I employed many stalling tactics this month, including suddenly deciding my nails needed to be black and Miami Teal.

I employed many stalling tactics this month, including suddenly deciding my nails needed to be black and Miami Teal.

George Eliot, you sneaky vixen. Even as I was complaining about your characters and narrative style early on, the joke was on me, because of course if your book hadn't caught my interest, I wouldn't have expended the energy to complain about it. I railed against Dorothea's naïve idealism without realizing that I was thinking about her, analyzing her, all the time. I decried her decision to marry Casaubon and declared her beyond hope of finding true love, forgetting that characters can grow and change just like people can. I would finish reading a section and go about my day, only to find my mind stuck back in the town of Middlemarch. Finally, I have to concede—George Eliot, though you were totally bugging the crap out of me, you indisputably commanded my attention.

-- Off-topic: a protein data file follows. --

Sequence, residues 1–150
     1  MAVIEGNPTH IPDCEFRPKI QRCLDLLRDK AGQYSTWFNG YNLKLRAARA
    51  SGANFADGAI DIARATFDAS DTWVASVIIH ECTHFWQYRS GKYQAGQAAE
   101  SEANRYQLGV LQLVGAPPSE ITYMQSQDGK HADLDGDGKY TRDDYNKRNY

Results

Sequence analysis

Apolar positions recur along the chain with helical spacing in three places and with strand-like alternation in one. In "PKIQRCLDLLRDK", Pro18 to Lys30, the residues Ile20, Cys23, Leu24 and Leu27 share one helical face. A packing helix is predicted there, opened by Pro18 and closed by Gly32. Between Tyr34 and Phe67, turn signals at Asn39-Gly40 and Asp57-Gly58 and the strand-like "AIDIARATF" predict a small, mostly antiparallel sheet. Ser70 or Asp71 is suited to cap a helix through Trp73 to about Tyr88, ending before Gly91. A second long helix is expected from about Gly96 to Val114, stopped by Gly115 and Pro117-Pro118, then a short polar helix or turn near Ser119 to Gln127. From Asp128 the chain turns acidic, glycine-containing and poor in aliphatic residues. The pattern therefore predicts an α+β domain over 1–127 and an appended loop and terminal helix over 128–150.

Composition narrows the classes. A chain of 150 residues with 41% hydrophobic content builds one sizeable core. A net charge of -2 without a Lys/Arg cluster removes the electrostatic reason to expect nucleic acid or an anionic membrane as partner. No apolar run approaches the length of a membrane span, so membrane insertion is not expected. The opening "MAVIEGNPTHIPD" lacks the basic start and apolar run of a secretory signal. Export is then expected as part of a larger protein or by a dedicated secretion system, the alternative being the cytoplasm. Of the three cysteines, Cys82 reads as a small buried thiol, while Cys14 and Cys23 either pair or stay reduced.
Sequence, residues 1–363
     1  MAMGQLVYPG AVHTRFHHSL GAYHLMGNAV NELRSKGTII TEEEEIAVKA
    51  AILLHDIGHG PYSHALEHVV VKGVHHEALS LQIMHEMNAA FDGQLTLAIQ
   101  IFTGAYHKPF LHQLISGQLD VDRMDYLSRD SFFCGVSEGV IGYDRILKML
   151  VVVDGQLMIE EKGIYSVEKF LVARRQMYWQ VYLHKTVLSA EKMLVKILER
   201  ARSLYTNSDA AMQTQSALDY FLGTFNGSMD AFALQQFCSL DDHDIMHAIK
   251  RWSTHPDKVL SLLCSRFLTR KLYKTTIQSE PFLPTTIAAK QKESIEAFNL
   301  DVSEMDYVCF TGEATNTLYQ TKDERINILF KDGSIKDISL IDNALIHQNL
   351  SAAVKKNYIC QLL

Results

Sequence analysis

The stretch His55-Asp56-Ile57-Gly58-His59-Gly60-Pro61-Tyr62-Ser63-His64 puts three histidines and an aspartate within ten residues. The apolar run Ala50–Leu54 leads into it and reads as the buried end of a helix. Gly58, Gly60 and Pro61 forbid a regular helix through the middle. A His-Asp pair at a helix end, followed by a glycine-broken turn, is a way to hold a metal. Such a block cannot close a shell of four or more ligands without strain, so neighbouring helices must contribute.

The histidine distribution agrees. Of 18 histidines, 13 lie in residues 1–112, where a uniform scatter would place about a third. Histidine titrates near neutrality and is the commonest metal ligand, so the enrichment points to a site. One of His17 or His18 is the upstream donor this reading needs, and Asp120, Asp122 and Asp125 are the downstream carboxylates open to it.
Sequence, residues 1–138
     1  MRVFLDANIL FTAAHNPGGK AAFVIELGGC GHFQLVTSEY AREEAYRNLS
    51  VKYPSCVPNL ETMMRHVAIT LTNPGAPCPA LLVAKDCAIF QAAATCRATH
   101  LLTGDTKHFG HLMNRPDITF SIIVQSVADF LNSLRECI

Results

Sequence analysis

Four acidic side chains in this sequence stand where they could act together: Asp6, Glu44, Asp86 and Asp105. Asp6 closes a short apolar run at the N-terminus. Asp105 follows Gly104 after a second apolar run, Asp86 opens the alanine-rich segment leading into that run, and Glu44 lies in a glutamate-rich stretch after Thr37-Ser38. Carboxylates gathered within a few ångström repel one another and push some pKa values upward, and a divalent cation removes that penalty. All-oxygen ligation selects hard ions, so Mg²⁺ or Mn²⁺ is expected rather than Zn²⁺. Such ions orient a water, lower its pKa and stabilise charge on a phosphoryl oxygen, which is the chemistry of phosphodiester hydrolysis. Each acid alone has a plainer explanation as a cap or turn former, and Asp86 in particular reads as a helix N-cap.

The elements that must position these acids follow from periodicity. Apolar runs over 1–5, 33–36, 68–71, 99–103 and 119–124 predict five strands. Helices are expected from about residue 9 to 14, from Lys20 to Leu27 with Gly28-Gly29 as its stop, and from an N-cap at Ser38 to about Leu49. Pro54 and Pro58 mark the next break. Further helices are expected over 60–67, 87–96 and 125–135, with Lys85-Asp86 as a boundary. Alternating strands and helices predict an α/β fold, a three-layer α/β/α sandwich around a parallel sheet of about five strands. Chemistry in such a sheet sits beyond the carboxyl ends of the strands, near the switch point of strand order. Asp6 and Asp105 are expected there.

And I must admit, I love how Dorothea has matured by the end of the book. One of my favorite scenes is in Book 8, when Dorothea goes back to talk to Rosamond even after she thinks Ladislaw and Rosamond are romantically involved. Dorothea puts aside any selfish feelings she has towards Rosamond and tries to help save Rosamond's marriage by defending Lydgate's actions and providing a loan from her own funds. Rosamond, after being humiliated by Ladislaw's rejection, is prepared to be nasty to Dorothea, but Dorothea's generous and undeserved kindness prompts her to be kind in return and admit the truth about Ladislaw's feelings for Dorothea.

It seems Dorothea has learned that there is little merit in grand gestures and trying to save the whole world; instead, the way to live a good life is by being good to people around her. Gone is the girl who breezily remarks that she wishes the tenant farmers needed more help so that she could gratify herself as their savior. Gone is the would-be protege who believes she must subjugate herself to another's studies in order to learn. Gone is the young woman who yearns to do good works with her fortune but has no idea how to go about it. Dorothea now understands her place in the world and has found practical ways to benefit others. As someone who frequently worries over the question of how to live a good life, Dorothea's conclusion resonates powerfully.